Dell still No. 1, but blogger, battery recall dent image

BRAND IN TROUBLE: Damaged by customer-service criticism

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Two years ago: Dell led worldwide PC shipments with a 17.9% share and an even stronger 33% in the U.S. Dell's solid brand aura was attributed to consumer-electronics pushes such as plasma TVs and MP3 players (before the iPod exploded), charismatic founder Michael Dell, ubiquitous online and print advertising, and entertaining broadcast work ("the Dell dude" and "interns").

Today: Dell still leads worldwide PC shipments with a 19.3% share and has the same U.S. dominance with 33%. But its brand image has been damaged by rampant online customer-service complaints-driven by BuzzMachine blogger Jeff Jarvis' rants, which began last June-and more recent viral videos of Dell laptops smoking or on fire. Dell responsed with uncharacteristic swiftness in the battery recall.

Old tagline: "Dude, you're getting a Dell."

New tagline: "Purely you."

What's changed: The customer-service firestorm and slow response are taking a toll, but increasing competitive pressure, lack of retail stores and a failed consumer-electronics push have added to Dell's difficulties.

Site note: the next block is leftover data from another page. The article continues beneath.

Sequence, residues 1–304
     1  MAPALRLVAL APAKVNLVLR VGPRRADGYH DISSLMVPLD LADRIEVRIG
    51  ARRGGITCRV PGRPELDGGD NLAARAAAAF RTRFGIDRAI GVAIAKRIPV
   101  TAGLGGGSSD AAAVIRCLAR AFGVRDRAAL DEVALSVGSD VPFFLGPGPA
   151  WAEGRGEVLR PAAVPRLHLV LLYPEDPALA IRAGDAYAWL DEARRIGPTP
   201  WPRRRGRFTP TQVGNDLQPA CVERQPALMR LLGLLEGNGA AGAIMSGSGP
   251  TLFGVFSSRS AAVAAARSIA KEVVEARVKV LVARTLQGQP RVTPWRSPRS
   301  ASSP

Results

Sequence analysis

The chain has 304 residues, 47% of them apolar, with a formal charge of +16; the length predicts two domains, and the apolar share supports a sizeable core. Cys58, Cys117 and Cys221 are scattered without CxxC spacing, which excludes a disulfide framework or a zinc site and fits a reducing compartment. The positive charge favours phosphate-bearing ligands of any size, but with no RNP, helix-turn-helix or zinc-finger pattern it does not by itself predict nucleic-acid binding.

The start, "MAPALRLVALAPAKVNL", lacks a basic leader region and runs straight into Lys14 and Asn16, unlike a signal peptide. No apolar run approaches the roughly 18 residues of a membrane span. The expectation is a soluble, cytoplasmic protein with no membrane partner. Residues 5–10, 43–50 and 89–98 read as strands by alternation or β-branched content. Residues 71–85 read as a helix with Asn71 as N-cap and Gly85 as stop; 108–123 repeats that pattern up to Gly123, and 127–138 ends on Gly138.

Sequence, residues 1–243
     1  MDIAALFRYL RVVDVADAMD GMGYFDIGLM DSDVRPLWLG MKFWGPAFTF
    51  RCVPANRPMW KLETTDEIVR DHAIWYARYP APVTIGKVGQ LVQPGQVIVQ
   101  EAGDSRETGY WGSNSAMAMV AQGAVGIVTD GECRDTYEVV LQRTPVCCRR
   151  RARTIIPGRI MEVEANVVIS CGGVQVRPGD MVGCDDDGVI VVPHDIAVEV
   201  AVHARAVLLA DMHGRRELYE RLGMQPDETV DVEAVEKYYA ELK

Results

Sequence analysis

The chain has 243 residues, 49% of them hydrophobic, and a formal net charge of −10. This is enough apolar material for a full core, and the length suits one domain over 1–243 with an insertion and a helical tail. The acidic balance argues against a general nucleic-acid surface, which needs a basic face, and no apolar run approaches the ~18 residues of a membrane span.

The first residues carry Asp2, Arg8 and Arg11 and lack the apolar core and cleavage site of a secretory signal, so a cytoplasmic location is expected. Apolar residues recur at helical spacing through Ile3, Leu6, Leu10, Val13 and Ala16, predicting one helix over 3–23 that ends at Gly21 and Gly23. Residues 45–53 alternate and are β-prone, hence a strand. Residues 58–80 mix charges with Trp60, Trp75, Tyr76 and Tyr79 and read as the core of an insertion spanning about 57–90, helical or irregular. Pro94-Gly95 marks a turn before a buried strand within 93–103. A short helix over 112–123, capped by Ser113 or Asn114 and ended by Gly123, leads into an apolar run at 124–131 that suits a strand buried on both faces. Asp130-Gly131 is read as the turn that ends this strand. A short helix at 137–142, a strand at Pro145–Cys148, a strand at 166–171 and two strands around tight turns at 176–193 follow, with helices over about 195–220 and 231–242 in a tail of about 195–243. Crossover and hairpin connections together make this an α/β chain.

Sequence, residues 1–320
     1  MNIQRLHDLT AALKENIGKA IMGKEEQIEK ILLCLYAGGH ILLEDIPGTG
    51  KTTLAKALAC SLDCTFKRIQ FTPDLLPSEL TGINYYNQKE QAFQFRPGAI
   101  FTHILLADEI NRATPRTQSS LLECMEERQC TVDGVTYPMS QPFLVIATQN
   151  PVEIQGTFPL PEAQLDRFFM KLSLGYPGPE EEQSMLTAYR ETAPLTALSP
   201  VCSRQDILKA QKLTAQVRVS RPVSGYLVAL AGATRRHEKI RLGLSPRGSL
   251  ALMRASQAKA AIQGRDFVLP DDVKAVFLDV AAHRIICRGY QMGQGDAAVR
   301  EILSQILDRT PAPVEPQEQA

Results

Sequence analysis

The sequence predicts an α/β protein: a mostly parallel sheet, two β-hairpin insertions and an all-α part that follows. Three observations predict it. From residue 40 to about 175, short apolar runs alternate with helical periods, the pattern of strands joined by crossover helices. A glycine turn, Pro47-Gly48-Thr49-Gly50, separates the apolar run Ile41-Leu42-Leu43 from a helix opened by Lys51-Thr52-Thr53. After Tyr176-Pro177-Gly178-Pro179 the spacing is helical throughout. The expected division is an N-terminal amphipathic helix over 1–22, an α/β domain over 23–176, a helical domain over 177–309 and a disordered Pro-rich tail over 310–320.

Who's changed: Mr. Dell is now chairman, stepping down to bring in new blood: operations wunderkind but relative unknown Kevin Rollins. CMO Michael George departed last November and hasn't been replaced. BBDO, Atlanta, was hired six months ago, replacing DDB, Chicago.

Brand champions: One-third of all computer households own Dells. As IDC analyst David Dauod said: "Out of 3 million laptops sold per quarter, a few have to be deficient. It's in the numbers-[but] when issues occur, you have to have a quick response."

Brand detractors: Mr. Jarvis, of course, although he recently praised Dell's blog effort and personal customer-outreach program.

Role of advertising: Minimal, although the new effort does hark back to Dell's strong roots and "the power of our direct business model," a Dell spokesman said. Dell's direct-to-consumer sales revolution, the so-called Dell Effect, makes brand advertising less important than direct marketing and customer service. Ads show a Dell PC being assembled, and the voice-over is a customer-service rep helping a customer configure and order his computer-the one being assembled-reinforcing the direct and made-to-order model Dell was built on.

Role of customer service: Huge. A lot of "if only" there, but suffice to say that Dell seems to be admitting missteps and, by rededicating resources to service, trying to address complaints. Staying the course and further improving will be key.

Marketing spending: $939 million in 2005, up 23% from 2004.

Who's on the hook: CEO Rollins could be called out as some investors beg for Mr. Dell to step back in. BBDO's on the line to make sure its work hits the target. And the yet-to-be-named CMO will likely be under siege from Day One.

Prognosis: Dell is still No. 1 in consumer PCs and is not likely to concede the title easily. "Dell's issue now is that it has to convince the market that it can learn, that it's adaptable and can adjust its business model accordingly," said Roger Kay, analyst, Endpoint Technology Associates. Meanwhile, Dell will need to keep an eye on HP as it attempts to convert its mind-share advantage to a market-share one.
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